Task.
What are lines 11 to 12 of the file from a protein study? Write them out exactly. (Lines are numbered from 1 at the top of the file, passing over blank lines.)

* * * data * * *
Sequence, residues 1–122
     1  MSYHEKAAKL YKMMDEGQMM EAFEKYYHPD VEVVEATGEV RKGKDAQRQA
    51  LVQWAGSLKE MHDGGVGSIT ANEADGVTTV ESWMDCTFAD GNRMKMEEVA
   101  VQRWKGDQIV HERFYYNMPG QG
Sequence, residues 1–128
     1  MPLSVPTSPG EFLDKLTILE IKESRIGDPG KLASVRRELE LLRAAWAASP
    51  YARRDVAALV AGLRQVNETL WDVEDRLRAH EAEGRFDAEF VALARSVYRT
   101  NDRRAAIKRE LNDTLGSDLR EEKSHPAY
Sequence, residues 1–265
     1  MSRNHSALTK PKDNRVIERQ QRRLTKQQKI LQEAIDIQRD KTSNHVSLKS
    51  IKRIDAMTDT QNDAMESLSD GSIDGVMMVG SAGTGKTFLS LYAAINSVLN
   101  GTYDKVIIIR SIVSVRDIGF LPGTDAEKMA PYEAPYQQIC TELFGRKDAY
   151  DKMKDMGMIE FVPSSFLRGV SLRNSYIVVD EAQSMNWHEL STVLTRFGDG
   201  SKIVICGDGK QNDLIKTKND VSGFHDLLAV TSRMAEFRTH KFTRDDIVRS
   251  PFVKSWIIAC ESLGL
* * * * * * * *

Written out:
    51  IKRIDAMTDT QNDAMESLSD GSIDGVMMVG SAGTGKTFLS LYAAINSVLN
   101  GTYDKVIIIR SIVSVRDIGF LPGTDAEKMA PYEAPYQQIC TELFGRKDAY